I will not lie, I was over confident as a rookie and the first couple weeks out on the road was a breeze.  Yep, until that confidence was stifled by the real world of trucking.....city traffic, weather, exits, truck stops, shippers, receivers, fuel stops, wrong directions, two lane mountain roads and just about everything else.

That is when I became scared to death.  My first experience I can remember was getting into Atlanta at rush hour, it was dark and raining.  I had to find somewhere to pull over and give it to the better half --- I was shaking so bad I couldn't see straight.

As time went on, I found that with each home time I was able to relax and recoup.  The next time out it became a little less stressful.  I learned to watch and listen --- A LOT.  Listening to the "old timers" on the C.B. and talking with them helped build my confidence.  There were many along the way that I took advice from, building a strong foundation for years to come.  I was fortunate and very thankful that whenever I was in an area that I was unfamiliar with or on a two lane road somewhere, there always seemed to be an old timer coaching me along and keeping me company on the C.B.

It took time to learn to make changes in driving habits from driving a four wheeler to an eighteen wheeler.  In the beginning it was scarey getting into bad weather not knowing how the truck would handle.  Driving when it was windy not knowing if we were going over would scare the dickens out of me.  Feeling the trailer slide or the tractor lose traction was enough for me to call it quits many times.  Seriously I can not tell you how many times in Wyoming I told hubby I was done and going home.  Yeah, I'm still out here.

Getting the truck legs took awhile....maneuvering in the truck while it was moving.  Learning new sleep habits, sleeping while the truck was moving, ignoring the bouncing off of the bed, learning to automatically hold on to the bed when the truck quickly stopped and learning to make good use of time for rest and sleep. There were so many changes, so many things I had to become accustomed to that people who do not drive a truck have no clue about.  Taking a shower, when and where, finding a restroom, thank goodness for Porta Potties for the truck.  Laundry, having the time and finding a truck stop to do it at, and ugh...the hike with all that laundry across that huge parking lot.  Driving a truck consumes your life, and I don't necessarily mean that in a bad way, but being out here on the road it is your life.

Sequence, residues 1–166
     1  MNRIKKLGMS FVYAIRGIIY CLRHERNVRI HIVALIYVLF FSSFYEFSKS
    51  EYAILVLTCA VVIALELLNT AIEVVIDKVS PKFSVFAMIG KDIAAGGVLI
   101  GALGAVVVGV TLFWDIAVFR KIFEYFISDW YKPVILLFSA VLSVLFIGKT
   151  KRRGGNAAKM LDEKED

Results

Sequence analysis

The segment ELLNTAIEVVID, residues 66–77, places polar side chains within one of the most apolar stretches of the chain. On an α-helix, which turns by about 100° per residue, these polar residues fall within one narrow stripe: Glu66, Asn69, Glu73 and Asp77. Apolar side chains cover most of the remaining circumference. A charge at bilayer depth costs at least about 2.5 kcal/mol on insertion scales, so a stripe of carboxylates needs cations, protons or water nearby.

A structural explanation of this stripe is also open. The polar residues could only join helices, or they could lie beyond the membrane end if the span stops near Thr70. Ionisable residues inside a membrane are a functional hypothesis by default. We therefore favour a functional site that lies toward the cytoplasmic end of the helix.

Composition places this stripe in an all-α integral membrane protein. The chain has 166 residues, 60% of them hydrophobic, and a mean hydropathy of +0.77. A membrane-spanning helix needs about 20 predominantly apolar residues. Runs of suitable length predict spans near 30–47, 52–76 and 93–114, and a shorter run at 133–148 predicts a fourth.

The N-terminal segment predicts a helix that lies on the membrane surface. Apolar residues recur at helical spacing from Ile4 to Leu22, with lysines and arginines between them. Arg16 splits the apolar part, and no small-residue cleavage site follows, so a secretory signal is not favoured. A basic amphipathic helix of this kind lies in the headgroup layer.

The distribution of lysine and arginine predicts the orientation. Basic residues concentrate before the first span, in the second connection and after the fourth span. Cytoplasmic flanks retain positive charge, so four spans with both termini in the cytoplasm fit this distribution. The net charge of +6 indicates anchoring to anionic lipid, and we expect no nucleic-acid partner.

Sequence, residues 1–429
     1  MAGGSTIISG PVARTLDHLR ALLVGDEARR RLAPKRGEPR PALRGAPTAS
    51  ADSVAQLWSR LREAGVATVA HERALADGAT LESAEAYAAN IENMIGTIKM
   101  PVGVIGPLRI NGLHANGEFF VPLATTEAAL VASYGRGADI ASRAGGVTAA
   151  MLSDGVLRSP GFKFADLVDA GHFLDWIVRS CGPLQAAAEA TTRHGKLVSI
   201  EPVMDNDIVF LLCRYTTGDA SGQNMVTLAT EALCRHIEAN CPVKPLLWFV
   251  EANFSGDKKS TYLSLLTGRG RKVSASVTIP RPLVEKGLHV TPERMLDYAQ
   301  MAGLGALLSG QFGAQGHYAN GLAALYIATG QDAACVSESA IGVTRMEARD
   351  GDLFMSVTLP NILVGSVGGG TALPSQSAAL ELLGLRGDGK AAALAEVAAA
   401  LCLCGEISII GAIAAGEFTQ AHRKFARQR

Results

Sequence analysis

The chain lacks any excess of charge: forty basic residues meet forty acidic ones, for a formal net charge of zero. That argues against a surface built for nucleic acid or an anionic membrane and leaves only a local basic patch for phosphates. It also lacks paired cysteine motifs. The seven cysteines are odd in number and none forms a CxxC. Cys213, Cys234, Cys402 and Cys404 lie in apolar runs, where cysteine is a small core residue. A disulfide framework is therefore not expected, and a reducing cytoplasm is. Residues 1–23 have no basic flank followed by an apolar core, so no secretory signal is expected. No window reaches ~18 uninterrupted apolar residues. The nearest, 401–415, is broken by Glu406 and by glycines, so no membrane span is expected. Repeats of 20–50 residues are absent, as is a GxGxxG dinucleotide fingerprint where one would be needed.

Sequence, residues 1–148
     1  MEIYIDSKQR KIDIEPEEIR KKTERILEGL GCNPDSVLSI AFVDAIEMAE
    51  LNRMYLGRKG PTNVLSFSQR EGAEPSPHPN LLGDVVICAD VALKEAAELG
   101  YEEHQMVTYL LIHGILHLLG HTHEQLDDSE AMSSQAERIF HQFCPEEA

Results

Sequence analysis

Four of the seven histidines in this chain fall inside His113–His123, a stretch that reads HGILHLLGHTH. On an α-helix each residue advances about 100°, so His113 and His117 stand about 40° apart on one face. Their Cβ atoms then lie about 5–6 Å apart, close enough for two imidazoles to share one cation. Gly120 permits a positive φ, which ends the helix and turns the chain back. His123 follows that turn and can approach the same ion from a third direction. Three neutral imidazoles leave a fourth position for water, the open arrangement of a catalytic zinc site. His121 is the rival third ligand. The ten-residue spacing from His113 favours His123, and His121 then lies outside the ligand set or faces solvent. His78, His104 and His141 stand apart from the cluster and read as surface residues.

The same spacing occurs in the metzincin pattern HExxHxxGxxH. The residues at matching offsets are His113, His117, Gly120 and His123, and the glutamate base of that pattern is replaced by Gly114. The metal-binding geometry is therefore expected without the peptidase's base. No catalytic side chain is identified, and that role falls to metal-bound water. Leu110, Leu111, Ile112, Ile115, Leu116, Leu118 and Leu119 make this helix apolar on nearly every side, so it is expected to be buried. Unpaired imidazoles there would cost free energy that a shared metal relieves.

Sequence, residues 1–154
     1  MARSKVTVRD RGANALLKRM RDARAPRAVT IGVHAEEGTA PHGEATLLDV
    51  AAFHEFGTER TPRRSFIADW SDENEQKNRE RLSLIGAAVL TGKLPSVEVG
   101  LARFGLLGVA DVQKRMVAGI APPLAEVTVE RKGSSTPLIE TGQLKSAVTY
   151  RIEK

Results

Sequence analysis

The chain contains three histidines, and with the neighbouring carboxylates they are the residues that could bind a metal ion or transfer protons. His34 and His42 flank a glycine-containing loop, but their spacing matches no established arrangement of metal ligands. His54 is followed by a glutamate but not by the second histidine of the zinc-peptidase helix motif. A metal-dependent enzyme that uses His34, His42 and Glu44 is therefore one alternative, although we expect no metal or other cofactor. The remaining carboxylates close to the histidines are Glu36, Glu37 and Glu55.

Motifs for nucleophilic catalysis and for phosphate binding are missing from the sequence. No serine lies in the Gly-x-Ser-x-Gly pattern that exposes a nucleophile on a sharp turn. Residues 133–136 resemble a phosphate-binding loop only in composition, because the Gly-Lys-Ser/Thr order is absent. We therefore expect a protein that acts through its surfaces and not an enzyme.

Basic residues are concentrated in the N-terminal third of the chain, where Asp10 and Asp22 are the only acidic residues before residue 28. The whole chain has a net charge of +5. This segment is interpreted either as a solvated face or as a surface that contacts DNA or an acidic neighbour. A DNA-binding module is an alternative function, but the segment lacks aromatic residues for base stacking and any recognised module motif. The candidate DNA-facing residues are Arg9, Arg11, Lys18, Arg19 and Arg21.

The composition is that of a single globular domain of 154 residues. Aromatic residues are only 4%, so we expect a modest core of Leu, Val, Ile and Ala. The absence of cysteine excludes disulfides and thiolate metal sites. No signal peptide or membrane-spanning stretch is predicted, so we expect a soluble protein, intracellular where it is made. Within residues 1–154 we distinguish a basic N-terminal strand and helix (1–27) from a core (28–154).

Early on my husband and I got into a routine, trying to keep the same shifts, always helping one another in the areas we were not familiar with, giving the other directions and looking for street signs, and supporting each other in anyway we could to make life easier for each other on the road.  I would like to say it was always easy but it was not.  It was very stressful for both of us.  And you can only slam the curtain so hard.

It was learning so many new things and trying to adjust lifestyle on the road at the same time coupled with the fact that not only was I adjusting to all of that I had to develop a new "lifestyle" for managing my Diabetes.  In the beginning I did not do well with managing my diabetes.  I did well as a truck driver and building good skills but let the diabetes and my care get put to the wayside.

We didn't have a refrigerator for the first couple of years, just a plug in cooler.  I learned to adapt.  You just don't get a good variety of food this way but it's doable.  In the beginning we did eat out of the truck stops, but back then most had sit down restaurants and the food was not that bad.  But even that took planning because we didn't get to stop everyday.  I learned to eat very plain because it worked.  In 1998 when we bought our first truck we had a refrigerator and microwave in the truck.  Even then I chose not to cook much in the microwave, it took too much time and would wake up hubby.  So I had to develop habits that would work for me in our situation.  I had to build a strong foundation like I did when I started driving.

Unfortunately there was no internet, we didn't have cellphones or XM radio, wow, how did we do it ? There was no one to help me or guide me, there was no one I knew that drove a truck and had Diabetes.  I was virtually on my own.  A couple years into driving we were able to get a dedicated run.  That helped immensely.  I was able to do my grocery shopping at home and prepare my food for the week, have a safe place to walk, and a pretty good driving schedule that was routine.

When I was diagnosed with Diabetes I was overly confident, just like when I started driving a truck.  Then I became lost and scared.  I went from familiar surroundings, managing my Diabetes at home, to managing it on the road.  Honestly it was as if I was diagnosed all over again.  It was stressful and I had no one to share those struggles with or to help coach me forward.  I was on my own.